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Take a look at this post from Mack Collier, which is based on an analysis of multiple brands by EngageSciences. That analysis found this key takeaway: 4.7 percent of a brand’s fan base generates 100 percent of social referrals.
This isn’t necessarily groundbreaking new information: many people in marketing have known for years about the ‘passionate minority,’ or the idea that a small percentage of your fans/shoppers drive everything. Many other people in business discuss this as a 80-20 rule, generally stated that 80 percent of your revenue/sales comes from about 20 percent of who you deal with. (It is also important to remember in networking.)
If you go back to this basic idea, here’s what you hit:
- Most companies focus their marketing efforts on new customers.
- In reality, they should probably focus them on retaining and developing their best customers.
As Collier himself writes:
This is exactly why it’s so important to engage with your fans. So many companies view their marketing campaigns as the chief channel for customer acquisitions, when in fact it’s your fans that are driving new customer referrals.
I think this is a key point of confusion for a lot of people in the marketing space right now. Because “a campaign” sounds like an active thing that (a) you’ll dedicate time to and (b) will generate value, a lot of marketing types want to be working on campaigns. I recently worked with a lady who called everything, from the simplest e-mail to actual campaigns, “a campaign.” It was moderately infuriating.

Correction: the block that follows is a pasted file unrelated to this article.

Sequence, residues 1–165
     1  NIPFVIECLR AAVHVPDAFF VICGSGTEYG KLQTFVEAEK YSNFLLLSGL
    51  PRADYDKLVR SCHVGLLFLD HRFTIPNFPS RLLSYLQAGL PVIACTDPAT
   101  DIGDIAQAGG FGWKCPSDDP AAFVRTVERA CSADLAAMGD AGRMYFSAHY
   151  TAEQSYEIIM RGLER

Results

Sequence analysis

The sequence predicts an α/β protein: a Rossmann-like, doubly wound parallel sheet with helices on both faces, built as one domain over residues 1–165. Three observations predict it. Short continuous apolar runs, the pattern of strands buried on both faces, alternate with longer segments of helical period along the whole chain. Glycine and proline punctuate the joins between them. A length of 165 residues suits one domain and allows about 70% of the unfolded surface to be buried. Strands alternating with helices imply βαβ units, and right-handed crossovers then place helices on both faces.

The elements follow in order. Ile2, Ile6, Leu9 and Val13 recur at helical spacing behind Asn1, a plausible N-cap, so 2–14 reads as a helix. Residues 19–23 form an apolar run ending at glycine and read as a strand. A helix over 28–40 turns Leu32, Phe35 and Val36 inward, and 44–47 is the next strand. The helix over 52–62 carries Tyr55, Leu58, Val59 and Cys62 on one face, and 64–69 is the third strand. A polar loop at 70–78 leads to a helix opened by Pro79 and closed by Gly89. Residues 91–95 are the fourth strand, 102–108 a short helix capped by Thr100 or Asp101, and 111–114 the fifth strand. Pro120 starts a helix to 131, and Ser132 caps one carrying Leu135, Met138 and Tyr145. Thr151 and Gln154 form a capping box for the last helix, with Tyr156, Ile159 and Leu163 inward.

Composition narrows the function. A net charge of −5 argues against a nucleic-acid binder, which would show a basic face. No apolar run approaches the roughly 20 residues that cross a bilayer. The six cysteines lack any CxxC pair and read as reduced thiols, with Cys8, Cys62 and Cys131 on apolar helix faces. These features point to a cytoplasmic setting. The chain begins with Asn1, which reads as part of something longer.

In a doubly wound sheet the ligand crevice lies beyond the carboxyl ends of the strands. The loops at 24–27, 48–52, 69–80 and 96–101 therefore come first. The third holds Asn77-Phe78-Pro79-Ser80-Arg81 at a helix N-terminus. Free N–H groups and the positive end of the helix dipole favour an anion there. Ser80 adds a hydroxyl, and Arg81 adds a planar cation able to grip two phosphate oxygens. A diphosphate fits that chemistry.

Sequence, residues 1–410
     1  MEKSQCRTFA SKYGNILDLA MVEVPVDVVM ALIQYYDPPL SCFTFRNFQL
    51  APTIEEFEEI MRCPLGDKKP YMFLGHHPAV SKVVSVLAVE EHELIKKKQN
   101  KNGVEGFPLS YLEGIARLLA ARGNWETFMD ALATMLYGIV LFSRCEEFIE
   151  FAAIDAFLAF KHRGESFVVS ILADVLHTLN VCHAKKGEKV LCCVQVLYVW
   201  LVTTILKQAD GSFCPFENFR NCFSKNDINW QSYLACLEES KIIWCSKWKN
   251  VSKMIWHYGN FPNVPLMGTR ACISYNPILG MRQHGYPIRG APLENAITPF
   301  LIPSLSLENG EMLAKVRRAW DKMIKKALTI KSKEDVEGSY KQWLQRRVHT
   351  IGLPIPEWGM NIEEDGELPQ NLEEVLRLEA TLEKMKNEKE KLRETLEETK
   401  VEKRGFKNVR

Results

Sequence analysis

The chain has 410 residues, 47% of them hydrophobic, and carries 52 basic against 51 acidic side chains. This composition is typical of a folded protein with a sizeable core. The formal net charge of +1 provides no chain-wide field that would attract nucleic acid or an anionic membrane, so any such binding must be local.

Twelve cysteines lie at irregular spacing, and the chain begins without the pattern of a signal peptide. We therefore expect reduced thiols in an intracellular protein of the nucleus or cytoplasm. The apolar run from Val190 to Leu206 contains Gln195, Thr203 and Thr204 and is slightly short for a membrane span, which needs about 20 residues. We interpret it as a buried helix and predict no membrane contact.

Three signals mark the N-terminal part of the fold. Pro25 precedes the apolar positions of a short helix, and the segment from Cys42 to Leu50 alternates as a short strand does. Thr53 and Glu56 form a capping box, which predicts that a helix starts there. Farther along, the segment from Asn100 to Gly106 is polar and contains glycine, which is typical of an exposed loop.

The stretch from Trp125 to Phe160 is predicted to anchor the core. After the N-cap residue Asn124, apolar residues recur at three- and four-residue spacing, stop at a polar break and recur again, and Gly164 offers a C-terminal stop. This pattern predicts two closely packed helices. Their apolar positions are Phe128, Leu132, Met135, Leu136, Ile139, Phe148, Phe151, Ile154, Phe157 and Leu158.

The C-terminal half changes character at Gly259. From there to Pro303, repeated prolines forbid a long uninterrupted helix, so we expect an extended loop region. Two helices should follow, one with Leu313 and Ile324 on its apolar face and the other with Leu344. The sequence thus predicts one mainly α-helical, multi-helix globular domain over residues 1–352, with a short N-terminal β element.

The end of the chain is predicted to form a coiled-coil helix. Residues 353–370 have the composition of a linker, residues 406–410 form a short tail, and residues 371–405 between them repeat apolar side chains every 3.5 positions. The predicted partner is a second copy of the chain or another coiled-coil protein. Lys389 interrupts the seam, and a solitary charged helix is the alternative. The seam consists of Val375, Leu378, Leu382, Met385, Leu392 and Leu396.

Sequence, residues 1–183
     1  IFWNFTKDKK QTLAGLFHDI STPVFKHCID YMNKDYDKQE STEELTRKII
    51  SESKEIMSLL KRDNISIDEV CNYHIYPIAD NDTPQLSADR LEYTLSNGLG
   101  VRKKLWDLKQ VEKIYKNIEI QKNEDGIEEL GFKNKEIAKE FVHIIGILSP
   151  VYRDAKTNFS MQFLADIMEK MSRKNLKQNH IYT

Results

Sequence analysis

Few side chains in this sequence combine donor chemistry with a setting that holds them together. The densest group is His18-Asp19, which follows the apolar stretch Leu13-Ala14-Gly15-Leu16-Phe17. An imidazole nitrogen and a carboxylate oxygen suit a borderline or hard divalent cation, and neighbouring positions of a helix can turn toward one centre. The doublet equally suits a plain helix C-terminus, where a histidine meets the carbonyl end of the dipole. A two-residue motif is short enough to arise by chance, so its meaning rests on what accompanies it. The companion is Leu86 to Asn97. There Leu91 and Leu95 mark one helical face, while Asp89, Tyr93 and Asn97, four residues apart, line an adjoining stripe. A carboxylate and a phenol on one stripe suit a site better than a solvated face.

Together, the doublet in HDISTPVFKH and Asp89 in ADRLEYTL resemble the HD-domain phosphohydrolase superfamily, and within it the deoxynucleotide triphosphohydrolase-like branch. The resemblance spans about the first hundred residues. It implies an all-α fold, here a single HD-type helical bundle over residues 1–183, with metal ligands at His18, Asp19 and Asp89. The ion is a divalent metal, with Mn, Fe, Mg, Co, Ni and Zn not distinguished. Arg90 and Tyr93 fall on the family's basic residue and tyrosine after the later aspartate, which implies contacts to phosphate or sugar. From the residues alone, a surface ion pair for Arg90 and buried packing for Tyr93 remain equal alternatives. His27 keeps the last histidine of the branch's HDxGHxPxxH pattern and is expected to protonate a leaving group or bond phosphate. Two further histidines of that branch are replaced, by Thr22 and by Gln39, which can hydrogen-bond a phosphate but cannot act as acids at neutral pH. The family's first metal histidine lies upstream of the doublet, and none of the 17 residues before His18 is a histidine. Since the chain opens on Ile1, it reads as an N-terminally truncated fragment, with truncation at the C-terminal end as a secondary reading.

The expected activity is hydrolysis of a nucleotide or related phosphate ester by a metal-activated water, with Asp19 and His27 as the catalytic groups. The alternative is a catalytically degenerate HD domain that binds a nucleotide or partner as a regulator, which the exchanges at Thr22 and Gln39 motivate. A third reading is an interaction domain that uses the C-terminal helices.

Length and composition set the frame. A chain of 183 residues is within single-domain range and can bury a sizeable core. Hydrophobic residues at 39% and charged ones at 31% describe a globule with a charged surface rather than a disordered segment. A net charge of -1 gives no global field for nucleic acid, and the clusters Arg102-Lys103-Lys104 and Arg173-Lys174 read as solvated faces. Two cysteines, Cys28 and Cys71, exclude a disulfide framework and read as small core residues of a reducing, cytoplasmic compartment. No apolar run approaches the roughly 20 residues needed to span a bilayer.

We spend a lot of time on campaigns in marketing, and crafting the perfect images and logos and ‘power branding’ and talking points.
1. We already know ‘brand’ is declining and ‘customer relationships’ are increasing, via financial metrics. Here’s some evidence. Maybe we should focus more on reaching the customers who are driving our conversations.
2. Emotions and connection to a purpose around a brand actually drive consumer behavior: Again, these are things we know from research. This is about much more than how a PDF looks or how sweet the logo is. It’s about value, which is ultimately what a consumer is after.
3. Here’s the essential problem: most CMOs don’t really understand what ‘digital’ is. That’s been proven time and time again, and most jobs I’ve had have been that way. People cling to old revenue models until they’ve sucked every penny from them; when a new CMO arrives, typically within 3-4 years, they do the same thing. The game is about telling the rest of the C-Suite how much money you’re tied to. Customer acquisition can fall by the wayside in that dynamic.
But if you really want to think about finding those new customers? Start by thinking about four-point-seven, friend.
My name’s Ted Bauer; I blog here regularly and you can learn about hiring me for freelance and contract gigs as well. You can also subscribe to my newsletter.
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